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When starting up for the first time, many people opt to retain their full-time job and set up their own business part-time. But what does this mean for their tax situation? Will the tax be deducted from the day job wage? Or is it only taken from what is earned from the business? Are they separate?

When starting up for the first time, many people opt to retain their full-time job and set up their own business part-time. But what does this mean for their tax situation? Will the tax be deducted from the day job wage? Or is it only taken from what is earned from the business? Are they separate?

The two are separate in the sense that you pay Pay As You Earn (PAYE) and National Insurance Contributions (NIC) on your employment which is deducted from your pay but the Income Tax on the profits from your web design business is payable in two instalments on 31 January and 31 July together with an adjustment of any balance owing the following 31 January.

You have three months from the date of commencement to notify your Tax District that you have started a business. You can obtain a form CWF1 from the HMRC website or call the Self-employed Registration Helpline on 08459 15 45 15.

At the end of the tax year in which you commenced trading in your own business you must complete a Tax Return including a Self Employment section for the web design business. Basically if your turnover (or sales) is under £15,000 you only need to fill in figures for turnover, expenses and profits. If the turnover is greater than £15,000 detailed profit and loss and balance sheet figures are required. Profits for the period up to 5 April after you started (and subsequent annual accounting periods) will be subject to Income Tax and National Insurance Contributions. Self employed payments of Tax and National Insurance Contributions are required twice yearly - by 31 January and 31 July.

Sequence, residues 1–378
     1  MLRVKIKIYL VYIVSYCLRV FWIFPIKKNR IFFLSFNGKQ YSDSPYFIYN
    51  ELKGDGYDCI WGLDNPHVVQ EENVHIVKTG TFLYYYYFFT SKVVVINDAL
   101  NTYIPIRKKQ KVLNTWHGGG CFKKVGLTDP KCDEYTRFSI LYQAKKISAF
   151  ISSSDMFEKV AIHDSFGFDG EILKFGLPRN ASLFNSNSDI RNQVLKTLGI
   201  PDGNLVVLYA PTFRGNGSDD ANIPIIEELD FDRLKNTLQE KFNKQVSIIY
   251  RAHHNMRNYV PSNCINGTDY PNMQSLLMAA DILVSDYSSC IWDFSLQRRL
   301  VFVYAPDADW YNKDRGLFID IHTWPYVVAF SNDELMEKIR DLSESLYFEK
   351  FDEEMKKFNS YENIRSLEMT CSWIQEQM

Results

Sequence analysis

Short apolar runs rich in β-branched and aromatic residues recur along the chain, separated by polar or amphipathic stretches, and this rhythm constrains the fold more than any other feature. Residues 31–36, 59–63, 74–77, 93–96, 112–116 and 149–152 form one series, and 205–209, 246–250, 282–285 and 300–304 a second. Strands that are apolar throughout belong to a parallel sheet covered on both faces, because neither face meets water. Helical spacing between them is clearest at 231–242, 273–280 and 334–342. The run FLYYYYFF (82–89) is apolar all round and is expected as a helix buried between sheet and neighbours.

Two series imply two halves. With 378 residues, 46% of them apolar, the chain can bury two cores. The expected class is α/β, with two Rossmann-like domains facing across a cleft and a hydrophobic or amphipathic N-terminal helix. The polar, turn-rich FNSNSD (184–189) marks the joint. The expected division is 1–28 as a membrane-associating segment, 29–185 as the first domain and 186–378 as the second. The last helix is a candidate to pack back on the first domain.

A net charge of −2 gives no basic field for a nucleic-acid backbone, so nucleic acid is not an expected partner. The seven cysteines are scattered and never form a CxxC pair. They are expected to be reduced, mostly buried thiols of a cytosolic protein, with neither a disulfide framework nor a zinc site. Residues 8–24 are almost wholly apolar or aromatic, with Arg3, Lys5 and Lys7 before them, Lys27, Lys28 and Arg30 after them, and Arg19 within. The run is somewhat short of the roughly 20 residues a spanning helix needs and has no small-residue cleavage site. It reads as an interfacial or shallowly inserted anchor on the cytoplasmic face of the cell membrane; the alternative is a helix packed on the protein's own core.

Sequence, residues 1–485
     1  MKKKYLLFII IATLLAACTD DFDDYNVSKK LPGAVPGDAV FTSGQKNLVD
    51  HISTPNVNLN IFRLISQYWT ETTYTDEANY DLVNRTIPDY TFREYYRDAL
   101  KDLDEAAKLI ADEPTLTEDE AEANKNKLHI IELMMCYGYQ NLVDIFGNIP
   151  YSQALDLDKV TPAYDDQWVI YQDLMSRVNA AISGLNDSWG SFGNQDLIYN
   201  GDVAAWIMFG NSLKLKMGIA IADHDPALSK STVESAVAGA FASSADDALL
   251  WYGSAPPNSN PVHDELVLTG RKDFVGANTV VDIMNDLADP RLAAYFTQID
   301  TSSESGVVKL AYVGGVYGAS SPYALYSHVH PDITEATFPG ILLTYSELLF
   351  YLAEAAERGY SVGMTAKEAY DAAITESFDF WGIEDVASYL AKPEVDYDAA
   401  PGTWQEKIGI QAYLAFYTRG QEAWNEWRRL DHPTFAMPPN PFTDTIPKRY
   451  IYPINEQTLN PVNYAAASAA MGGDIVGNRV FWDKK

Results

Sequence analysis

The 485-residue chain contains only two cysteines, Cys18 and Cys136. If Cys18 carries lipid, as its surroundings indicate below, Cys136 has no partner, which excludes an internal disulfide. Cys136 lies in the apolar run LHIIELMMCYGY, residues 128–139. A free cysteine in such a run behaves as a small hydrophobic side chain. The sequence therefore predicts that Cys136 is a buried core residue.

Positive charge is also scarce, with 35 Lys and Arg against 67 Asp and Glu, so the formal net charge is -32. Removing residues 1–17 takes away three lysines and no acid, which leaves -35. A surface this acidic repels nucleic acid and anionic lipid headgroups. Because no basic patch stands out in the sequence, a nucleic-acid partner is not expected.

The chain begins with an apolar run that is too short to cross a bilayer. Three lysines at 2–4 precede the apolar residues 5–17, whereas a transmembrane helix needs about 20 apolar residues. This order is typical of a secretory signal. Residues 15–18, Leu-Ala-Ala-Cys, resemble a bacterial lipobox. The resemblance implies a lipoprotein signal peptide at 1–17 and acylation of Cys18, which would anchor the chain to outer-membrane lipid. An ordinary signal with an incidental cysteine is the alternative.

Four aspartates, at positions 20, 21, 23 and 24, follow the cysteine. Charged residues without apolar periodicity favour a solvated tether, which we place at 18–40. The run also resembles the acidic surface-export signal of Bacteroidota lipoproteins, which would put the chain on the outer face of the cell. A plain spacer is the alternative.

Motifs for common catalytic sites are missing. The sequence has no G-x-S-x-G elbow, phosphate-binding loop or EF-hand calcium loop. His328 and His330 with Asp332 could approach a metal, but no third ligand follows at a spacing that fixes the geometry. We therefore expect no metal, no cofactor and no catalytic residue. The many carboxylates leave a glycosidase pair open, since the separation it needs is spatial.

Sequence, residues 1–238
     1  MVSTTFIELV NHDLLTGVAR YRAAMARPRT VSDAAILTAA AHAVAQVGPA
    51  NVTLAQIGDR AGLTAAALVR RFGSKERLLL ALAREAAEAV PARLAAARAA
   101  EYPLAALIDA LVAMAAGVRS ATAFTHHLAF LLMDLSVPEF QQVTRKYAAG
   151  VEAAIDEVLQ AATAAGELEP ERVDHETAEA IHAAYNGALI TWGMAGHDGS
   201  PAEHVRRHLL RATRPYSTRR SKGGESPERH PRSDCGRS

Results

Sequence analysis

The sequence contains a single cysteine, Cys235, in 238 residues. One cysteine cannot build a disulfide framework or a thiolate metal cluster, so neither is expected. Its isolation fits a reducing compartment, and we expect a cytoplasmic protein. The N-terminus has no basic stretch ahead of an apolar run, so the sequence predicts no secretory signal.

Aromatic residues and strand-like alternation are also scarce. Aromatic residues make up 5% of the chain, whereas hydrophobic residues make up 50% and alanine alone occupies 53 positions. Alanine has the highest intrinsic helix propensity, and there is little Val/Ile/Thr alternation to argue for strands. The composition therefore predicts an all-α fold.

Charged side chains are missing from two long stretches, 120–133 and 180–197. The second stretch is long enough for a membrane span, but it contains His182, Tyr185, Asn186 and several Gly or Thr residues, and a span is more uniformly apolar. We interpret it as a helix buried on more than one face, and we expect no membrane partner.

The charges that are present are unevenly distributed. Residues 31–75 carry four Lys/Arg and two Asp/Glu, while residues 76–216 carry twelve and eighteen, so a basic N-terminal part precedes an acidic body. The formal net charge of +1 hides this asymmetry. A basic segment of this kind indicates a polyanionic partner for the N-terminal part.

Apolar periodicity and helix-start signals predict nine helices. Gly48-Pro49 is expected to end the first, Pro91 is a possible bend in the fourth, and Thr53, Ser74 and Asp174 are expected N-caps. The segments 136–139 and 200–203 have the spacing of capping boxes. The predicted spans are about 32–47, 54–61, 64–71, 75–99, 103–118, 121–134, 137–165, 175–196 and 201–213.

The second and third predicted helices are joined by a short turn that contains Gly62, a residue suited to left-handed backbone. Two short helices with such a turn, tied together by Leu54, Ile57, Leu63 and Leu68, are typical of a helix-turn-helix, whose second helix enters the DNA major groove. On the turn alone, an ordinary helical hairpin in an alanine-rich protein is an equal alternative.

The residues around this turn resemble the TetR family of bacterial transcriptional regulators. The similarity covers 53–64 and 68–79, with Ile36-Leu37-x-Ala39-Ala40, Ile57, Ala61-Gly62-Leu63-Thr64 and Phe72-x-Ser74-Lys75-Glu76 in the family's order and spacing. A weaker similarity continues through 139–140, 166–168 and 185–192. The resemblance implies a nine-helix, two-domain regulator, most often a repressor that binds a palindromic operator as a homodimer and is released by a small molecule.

The Basic NIC is called Class 2 and for 2006/7 it is £2.10 per week usually paid by direct debit in four or five weekly instalments. But if your self-employed earnings are less than £4,465 no Class 2 is payable. The additional NIC is called Class 4. On profits between £5,035 and £33,540 the Class 4 rate is eight per cent and on profits above £33,540 it is one per cent.

It might be simpler to apply to HM Revenue and Customs (HMRC) for a deferment using form CA72A in HMRC leaflet CA72. This has the effect of deferring payment to after the tax year when the total NIC liability can be accurately determined.

Once the Income Tax and NIC liability is determined it is usual to pay in the two instalments mentioned above. In your situation where your web design business is not generating a regular income it would be inadvisable to pay through the tax code number and have the self-employed liability deducted from your full time earnings. However, you should remember to set aside a percentage of your web design business sales to pay for the tax and NIC liability. This is best done by transferring, say 20/25 per cent to a separate bank account.

See also: Tax return advice for new businesses

Related topics: Tax & Vat

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